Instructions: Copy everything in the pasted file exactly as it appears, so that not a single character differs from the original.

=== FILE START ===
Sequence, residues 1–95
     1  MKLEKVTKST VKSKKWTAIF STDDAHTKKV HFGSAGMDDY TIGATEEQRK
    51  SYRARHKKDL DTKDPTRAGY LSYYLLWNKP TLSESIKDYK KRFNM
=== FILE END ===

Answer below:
Sequence, residues 1–95
     1  MKLEKVTKST VKSKKWTAIF STDDAHTKKV HFGSAGMDDY TIGATEEQRK
    51  SYRARHKKDL DTKDPTRAGY LSYYLLWNKP TLSESIKDYK KRFNM